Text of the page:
Debt Financing and Bankruptcy Case Study

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Debt financing and bankruptcy

Bankruptcy: Chapter 11 versus other forms of bankruptcy

Thanks in part to concerns about childhood obesity, the low-carb diet craze, and changing consumer tastes, Interstate Bakeries Corp filed for Chapter 11 Bankruptcy in 2004. When the company did so, it was said that although the company was undergoing "reorganization and installed new intended to survive. The company will continue operating its bakeries, outlet stores and distribution centers, and analysts said that its famous brands are unlikely to disappear from store shelves" (Twinkie and Wonder Bread maker files for bankruptcy, 2004, Katu). Hostess was one of Interstate's signature brands. The company showcases a wide range of products, although all fall into the same, relatively undiversified category of baked, sugary goods.

Upon reading that its products would still be offered in stores, consumers might be somewhat confused. How can a company go bankrupt, yet leave supplies of their beloved Twinkies and Wonder Bread and other signature high-sugar, highly processed products untouched? However, Chapter 11 bankruptcy does not mean that the company is defunct. It is more of a form of reorganization rather than dissolution. Chapter 11 refers to the "chapter of the Bankruptcy Code providing (generally) for reorganization, usually involving a corporation or partnership" (Chapter 11, 2012, U.S. Courts). However, individuals as well as corporations can file for Chapter 11.

Other common types of bankruptcy include Chapter 7, which is most commonly used by individuals. "This type of bankruptcy is the most severe. Under Chapter 7, a court-appointed trustee collects the individual's assets. The trustee sells the assets for cash and pays the proceeds to the individual's creditors. Assets that are exempt under federal or state law do not have to be liquidated. Once the Chapter 7 process is final, the filing cannot be repeated for six years" (Types of bankruptcy, 2012, Bankruptcy law). In contrast, Chapter 13 is for an individual or small business "with a steady source of income" (Types of bankruptcy, 2012, Bankruptcy law). Chapter 13 is an "individual reorganization," in which "the debtor must settle his debts over a three to five-year period" (Types of bankruptcy, 2012, Bankruptcy law). The debtor is allowed to retain his or her property, and there are no restrictions regarding when Chapter 13 can be filled.
Chapter 11 is thus similar to Chapter 13, but is more commonly used by large businesses and the proceedings put more requirements on the debtor.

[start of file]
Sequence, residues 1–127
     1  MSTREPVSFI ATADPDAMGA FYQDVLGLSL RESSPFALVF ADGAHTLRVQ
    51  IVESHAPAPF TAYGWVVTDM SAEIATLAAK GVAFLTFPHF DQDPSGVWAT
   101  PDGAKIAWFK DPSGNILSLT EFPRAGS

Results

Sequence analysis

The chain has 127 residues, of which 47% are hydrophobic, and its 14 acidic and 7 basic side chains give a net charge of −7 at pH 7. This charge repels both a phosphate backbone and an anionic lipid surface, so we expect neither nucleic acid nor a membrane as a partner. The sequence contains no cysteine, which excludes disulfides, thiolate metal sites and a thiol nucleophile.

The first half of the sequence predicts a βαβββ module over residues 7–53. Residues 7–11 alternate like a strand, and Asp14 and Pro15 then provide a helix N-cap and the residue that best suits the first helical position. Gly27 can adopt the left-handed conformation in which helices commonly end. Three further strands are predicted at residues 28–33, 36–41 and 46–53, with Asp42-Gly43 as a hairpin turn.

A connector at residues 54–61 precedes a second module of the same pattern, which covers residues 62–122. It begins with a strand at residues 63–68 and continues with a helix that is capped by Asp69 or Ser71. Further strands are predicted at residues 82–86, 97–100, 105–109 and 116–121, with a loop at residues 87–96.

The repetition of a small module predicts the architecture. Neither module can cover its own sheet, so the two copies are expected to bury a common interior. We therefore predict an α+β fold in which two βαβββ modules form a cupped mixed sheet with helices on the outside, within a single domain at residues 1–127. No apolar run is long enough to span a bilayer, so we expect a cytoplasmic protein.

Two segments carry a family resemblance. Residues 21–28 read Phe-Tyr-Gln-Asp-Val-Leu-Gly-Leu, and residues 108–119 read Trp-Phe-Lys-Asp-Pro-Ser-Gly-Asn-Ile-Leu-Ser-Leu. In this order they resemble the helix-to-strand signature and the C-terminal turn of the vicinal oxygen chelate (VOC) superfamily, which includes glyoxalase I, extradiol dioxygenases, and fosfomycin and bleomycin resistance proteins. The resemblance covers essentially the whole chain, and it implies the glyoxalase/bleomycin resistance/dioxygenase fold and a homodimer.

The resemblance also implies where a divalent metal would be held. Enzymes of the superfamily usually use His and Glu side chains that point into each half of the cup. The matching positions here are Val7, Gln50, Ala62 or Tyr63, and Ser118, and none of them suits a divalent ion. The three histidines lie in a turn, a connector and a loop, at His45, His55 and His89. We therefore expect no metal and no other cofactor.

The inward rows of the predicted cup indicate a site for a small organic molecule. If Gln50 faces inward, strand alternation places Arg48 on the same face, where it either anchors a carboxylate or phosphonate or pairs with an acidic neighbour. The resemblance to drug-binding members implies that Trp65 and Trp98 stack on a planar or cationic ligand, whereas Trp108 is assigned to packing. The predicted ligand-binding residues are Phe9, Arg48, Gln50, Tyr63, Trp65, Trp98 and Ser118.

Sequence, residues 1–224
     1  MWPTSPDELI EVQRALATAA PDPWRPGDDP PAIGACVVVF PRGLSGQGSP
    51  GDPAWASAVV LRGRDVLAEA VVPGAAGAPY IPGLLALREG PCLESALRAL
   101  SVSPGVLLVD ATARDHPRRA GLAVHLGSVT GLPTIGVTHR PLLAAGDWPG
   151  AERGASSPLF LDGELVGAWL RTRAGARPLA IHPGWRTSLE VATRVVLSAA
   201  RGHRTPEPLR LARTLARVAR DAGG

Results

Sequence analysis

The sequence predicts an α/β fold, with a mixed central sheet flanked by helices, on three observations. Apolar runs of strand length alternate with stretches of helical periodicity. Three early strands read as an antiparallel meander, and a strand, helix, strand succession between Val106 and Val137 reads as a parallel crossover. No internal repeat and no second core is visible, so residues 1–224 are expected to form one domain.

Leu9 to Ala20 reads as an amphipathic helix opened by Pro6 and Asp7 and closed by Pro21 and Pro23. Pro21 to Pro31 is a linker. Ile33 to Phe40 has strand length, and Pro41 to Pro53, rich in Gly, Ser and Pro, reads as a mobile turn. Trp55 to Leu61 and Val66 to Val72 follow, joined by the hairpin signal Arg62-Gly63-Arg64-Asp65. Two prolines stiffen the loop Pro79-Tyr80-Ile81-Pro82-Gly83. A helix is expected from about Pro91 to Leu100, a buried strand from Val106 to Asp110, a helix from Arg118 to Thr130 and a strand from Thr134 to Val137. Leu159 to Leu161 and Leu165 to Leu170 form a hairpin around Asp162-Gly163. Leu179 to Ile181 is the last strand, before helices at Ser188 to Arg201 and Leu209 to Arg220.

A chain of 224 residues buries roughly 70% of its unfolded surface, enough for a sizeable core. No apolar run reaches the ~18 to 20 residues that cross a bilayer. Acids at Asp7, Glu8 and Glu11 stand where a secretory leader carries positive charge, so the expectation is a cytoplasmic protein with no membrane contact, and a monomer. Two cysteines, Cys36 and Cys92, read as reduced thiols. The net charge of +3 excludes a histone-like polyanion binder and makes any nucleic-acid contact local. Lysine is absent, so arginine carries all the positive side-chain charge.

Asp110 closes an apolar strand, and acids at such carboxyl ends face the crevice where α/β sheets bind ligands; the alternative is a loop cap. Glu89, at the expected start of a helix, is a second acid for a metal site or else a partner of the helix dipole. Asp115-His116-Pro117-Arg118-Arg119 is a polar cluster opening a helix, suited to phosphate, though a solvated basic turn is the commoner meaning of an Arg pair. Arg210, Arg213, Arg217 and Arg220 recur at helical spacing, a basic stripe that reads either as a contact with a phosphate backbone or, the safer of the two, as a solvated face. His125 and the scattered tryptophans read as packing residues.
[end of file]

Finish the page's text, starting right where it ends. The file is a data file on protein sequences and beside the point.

The company's options were relatively limited. Ideally, Interstate Bakeries would have preferred to reach an out-of-court settlement with its debtors, but this was not feasible. Liquidation through Chapter 7 would have meant shutting the company down -- and emptying the shelves of the Hostess treats consumers were so worried about losing when they heard the news. Almost always, "when an out-of-court solution is not practical but the company has value as an operating business, it will usually opt for Chapter 11 bankruptcy, in which management remains in control to reorganize the company" (What every CEO should know about filing Chapter 11, 2012, Schreiber Law).

Chapter 11 bankruptcy proceedings place certain limitations on specific company actions, such as "any transaction out of the ordinary course of business, any financing other than accepting ordinary trade credit, employee incentive plans tailored to the Chapter 11 case, and any retention or payment of lawyers or other professionals" (What every CEO should know about filing Chapter 11, 2012, Schreiber Law). However, the company can continue to employ and pay its employees and produce its products and services. This ensures that demand can be sustained for the company, even during the proceedings. Completely shutting down the company would only exacerbate the problem of falling-off demand for Hostess products, given that consumers would likely shift their buying patterns elsewhere.

Chapter 11 bankruptcy petitions can be voluntary or involuntary. A voluntary case is filed by the company; an involuntary petition is filed by creditors. In the case of Interstate, the company "listed assets of $1.6 billion and….....

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